Instead of just lining up stemware in ho-hum rows, we put the wine glasses and ice in a fun wicker basket.  Wooden dough bowls, one of my favorite pieces to use in the third level of a display, are also ideal for holding party fixings or seasonal accents like gourds, fruits or leaves.

To help finish off a display, you could use a metal plant stand or terracotta capital as a mini stage for a small tableau that complements the larger overall display. Here, we created a rough carpet of moss and topped it with a gourd and a small garden bust. This tiny point of interest doesn’t compete with the larger presentation but instead is a visual treat awaiting those who study the display more closely.

Step Four: Celebrate the Season

Once you’ve tweaked your display to near perfection, add in the seasonal accents that will make it scream fall. Fill the rustic pail, garden urn or hurricane that’s in the middle ground of your display with sunflowers, fall leaves or branches.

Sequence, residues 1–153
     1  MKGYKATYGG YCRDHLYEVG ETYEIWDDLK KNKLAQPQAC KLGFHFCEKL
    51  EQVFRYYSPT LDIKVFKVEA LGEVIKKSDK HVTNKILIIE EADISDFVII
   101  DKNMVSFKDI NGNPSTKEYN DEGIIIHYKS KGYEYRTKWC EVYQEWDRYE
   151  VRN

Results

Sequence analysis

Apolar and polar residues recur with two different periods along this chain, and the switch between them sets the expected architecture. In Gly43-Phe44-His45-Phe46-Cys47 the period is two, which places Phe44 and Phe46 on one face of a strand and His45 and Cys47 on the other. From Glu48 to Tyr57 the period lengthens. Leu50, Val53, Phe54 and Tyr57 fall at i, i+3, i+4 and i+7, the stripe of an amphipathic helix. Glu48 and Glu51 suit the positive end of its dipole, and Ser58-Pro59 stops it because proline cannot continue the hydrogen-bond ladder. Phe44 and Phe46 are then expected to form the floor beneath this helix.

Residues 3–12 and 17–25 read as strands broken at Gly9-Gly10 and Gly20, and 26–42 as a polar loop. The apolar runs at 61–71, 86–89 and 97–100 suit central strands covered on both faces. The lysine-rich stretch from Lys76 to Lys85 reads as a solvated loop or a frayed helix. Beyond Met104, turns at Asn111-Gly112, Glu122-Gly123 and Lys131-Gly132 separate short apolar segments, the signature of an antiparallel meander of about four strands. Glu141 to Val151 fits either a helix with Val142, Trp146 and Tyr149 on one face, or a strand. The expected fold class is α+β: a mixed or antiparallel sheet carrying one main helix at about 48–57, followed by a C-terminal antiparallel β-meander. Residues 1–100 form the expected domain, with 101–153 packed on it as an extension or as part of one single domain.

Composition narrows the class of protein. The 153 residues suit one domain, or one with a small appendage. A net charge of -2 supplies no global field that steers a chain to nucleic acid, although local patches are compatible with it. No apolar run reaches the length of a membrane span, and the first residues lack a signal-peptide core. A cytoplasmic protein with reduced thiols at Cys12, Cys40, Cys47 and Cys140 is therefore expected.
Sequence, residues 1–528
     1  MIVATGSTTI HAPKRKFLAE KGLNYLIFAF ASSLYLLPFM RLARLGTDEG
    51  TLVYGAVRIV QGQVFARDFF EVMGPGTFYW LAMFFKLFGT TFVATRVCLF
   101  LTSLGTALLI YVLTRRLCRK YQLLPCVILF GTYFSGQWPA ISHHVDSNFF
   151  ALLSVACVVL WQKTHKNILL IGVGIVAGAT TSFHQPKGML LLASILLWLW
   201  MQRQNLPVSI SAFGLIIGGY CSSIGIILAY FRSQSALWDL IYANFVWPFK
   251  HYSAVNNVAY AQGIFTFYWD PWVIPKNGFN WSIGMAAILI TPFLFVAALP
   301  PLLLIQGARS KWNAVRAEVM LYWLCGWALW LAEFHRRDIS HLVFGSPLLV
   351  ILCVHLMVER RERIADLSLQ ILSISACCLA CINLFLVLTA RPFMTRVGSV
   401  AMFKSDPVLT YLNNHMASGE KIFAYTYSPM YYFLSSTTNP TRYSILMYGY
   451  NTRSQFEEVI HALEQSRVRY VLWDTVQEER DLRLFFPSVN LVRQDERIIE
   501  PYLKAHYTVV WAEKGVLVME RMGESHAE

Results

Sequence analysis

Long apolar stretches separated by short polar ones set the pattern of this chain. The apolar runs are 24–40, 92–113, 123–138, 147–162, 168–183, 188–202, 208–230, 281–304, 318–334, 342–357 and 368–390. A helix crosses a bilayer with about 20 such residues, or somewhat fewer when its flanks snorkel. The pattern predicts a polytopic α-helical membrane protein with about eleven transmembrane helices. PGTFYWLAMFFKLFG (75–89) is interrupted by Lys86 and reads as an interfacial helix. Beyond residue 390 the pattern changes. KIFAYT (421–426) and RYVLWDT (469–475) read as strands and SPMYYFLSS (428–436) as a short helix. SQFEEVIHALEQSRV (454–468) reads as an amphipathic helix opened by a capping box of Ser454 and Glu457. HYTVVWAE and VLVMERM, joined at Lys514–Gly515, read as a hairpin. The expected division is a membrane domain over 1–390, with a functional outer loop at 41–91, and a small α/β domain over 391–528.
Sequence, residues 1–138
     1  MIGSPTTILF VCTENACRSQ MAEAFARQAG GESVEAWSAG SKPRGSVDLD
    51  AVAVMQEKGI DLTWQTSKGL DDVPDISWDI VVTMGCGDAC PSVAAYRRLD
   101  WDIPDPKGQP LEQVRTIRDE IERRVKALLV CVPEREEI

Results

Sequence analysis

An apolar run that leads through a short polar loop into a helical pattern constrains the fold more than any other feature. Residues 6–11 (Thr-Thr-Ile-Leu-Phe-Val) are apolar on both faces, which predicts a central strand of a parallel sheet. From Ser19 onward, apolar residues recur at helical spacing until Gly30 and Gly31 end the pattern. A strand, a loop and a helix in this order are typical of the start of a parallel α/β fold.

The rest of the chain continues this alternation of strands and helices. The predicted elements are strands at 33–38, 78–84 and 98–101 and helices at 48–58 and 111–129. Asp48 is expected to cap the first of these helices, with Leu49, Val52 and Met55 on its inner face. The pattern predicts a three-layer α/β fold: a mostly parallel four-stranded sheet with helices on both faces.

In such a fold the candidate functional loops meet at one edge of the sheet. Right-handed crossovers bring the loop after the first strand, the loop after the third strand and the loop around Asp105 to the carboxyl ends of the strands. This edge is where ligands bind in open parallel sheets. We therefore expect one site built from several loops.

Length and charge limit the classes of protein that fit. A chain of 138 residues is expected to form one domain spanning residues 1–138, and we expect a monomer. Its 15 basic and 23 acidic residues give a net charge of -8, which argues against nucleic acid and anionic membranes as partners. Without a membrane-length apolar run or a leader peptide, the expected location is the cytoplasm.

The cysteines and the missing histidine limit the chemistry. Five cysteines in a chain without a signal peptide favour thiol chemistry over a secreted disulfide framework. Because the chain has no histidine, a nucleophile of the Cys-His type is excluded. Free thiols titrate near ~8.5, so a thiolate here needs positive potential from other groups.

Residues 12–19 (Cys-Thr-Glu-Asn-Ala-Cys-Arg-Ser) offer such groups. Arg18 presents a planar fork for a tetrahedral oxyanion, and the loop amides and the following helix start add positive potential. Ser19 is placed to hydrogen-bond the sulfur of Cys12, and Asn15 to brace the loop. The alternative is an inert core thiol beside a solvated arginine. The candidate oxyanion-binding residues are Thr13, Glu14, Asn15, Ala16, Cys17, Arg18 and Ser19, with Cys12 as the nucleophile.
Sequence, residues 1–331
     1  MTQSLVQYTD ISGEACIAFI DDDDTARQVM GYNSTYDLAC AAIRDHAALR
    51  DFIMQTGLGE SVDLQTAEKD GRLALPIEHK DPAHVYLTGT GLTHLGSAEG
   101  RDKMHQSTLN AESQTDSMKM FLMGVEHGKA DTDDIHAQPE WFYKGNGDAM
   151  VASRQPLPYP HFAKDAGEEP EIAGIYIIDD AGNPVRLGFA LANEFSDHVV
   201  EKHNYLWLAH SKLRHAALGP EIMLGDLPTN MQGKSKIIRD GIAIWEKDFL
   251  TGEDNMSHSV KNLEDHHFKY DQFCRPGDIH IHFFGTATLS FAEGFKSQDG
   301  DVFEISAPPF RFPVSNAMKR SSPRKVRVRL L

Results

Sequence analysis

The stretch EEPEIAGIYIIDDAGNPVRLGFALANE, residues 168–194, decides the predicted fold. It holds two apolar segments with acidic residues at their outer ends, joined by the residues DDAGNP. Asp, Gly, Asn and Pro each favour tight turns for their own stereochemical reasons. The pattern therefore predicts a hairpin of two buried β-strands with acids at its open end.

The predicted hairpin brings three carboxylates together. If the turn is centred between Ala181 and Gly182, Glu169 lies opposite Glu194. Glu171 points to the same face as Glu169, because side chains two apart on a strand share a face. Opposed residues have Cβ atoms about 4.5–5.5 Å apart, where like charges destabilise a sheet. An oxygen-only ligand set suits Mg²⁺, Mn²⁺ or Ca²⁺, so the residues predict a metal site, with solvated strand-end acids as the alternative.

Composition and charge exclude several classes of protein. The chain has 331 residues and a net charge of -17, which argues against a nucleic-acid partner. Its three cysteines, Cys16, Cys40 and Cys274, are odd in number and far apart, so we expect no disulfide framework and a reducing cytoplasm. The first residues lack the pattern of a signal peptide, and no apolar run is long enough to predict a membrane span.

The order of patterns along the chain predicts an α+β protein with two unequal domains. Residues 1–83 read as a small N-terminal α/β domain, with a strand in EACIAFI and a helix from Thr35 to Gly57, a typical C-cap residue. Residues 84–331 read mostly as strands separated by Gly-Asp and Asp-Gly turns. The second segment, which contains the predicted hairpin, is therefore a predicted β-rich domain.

In the foreground of your tableau, tuck in a tiny fall treasure, like a vase holding a fall bloom or a gourd under a cloche.

As a dish-a-haulic, I like to use seasonal dishes to add a feeling of fall to my dining table. If you have room in your china hutch (and even if you don’t!), get a set of fall themed dishes you can enjoy every year. Or, pick up a few pieces of fall dishware you can mix in with your everyday dishes.

My pick would be a salad plate or dessert plate you can stack on top of your white china.

Or, chose interesting fall serving pieces that will pop up your daily table setting, like a serving bowl, platter or pitcher.

How about whimsical autumn salt and pepper shakers? A big soup tureen to serve your favorite fall soups? Or adorable creamers to make your morning coffee more fun?

Next Week … Pumpkins and gourds are like tiny works of art. Come back next week and find out how to showcase these natural masterpieces in your home decorating this autumn.